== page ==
Is this a moral dilemma, or an aesthetic one – or is it a dilemma at all?
You possess a building which all agree, monotonously, in describing as ‘iconic’. One view of it, from a public road and across a riverside meadow, is as well-known (all right, then, iconic) as any view in the country. The catch is that the reverse view, from the building and its surroundings, is the public road, emphasised by traffic lights and the resulting line of the brake lights of waiting cars.
Is there an obligation on the proprietor to leave the view open, both ways, or would he be justified in planting appropriate trees to screen the road from his own viewpoint?
The building, you may even have guessed, is King’s College chapel in Cambridge. During the summer coach parties of tourists make an inevitable stop to photograph the view.
members of the college learn to accept the traffic across the summer view, softened by leafy trees. In winter it is different. From teatime on there is only one thing you see across the Cam from the college: winking red lights.
There are worse problems, I know. But there is also the hope of a solution, at least in part. The college has just succeeded in ‘respacing’ (which means felling) half the trees between the road and the river. Italian alders planted 40 years ago as a nurse-crop for oaks (this was the plan when we lost all the magnificent elms) have finally gone – in the nick of time: the oaks they were ‘nursing’ were almost shaded to death.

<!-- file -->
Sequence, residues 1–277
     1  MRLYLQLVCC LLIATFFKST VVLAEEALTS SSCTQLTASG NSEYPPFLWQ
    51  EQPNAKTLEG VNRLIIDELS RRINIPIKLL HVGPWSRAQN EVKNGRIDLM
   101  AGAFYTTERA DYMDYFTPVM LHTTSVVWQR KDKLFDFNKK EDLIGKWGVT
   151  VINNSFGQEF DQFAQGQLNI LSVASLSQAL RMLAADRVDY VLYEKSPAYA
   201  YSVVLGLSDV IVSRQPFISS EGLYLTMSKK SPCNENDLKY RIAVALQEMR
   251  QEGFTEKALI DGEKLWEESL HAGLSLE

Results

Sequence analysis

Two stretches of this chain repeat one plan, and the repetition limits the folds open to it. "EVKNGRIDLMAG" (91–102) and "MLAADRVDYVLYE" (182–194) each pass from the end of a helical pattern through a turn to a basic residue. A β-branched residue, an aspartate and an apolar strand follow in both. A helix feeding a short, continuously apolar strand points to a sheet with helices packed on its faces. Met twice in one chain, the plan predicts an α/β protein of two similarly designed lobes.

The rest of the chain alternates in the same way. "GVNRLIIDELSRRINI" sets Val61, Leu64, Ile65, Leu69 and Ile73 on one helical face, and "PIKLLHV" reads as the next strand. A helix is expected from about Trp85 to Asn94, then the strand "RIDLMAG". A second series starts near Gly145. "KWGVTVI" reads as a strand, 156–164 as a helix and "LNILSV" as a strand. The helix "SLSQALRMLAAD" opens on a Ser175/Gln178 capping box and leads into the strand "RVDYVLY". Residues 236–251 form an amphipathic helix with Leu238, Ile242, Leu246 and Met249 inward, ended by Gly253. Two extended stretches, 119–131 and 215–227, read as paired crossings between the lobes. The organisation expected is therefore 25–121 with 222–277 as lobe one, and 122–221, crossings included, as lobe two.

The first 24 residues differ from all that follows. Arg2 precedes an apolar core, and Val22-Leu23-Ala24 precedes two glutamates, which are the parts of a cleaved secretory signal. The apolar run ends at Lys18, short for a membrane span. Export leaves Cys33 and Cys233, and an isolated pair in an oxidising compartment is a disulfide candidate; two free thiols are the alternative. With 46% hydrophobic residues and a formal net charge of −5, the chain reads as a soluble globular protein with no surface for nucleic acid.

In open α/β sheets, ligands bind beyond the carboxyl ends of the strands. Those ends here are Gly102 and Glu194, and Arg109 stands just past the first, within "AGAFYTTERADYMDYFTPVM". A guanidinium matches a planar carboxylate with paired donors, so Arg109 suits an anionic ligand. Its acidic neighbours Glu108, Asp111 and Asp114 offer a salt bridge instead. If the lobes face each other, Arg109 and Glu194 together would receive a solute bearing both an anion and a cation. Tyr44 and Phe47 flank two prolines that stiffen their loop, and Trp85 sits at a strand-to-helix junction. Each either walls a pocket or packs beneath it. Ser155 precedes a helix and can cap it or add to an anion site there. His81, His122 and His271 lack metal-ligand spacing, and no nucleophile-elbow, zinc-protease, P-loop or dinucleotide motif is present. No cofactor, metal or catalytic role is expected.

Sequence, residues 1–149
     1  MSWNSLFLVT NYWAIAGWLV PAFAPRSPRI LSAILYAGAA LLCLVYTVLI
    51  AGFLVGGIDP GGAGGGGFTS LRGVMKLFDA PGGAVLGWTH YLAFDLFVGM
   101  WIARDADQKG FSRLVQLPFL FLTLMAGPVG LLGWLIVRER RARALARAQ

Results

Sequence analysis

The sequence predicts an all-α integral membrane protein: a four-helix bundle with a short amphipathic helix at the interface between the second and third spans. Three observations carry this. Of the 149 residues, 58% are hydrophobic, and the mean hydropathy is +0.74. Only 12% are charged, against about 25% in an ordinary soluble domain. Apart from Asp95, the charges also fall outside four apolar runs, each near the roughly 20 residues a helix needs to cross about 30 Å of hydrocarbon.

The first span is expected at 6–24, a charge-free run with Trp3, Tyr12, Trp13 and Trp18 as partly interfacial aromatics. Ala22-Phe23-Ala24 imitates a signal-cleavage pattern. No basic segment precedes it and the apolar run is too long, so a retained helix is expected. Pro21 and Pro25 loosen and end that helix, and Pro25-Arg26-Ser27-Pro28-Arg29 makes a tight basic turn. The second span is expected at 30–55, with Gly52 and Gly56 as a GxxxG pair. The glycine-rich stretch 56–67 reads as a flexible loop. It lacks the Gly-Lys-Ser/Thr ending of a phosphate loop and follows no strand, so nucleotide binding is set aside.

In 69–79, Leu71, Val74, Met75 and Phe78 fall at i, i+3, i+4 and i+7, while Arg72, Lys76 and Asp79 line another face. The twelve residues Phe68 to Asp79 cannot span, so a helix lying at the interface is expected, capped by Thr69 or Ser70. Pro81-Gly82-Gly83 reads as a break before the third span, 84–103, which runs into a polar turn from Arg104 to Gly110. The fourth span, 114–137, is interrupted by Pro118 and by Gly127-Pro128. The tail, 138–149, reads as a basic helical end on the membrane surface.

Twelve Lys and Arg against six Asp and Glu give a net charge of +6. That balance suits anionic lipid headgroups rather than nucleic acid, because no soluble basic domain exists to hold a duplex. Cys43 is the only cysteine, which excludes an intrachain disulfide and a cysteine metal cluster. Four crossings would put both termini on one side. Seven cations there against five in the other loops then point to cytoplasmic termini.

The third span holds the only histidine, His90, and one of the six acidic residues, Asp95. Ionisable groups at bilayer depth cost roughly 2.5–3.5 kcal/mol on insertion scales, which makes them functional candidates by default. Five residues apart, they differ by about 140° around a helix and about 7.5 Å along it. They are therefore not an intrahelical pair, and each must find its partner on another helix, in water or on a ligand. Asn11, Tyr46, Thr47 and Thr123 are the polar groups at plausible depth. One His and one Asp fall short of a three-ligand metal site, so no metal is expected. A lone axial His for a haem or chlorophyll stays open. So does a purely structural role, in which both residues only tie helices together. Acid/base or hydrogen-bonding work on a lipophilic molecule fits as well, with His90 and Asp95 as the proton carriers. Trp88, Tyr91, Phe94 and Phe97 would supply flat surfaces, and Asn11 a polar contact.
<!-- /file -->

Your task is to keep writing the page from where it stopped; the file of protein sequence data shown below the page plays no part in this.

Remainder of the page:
In their place are planted more oaks, lots of hawthorn, and an entirely new feature for the Backs: a crowd of Chinese dogwoods, which will make a mass of white flowers at May Ball time in June, and (I hope) colour up in an orange/harlequin way in October.
Flanking the rather stark and lonely stone Back Gate of the college we are planning to plant a pair of weeping willows: the first step in screening the intrusive traffic lights. In other words, no obvious move; just slow and sensitive improvements.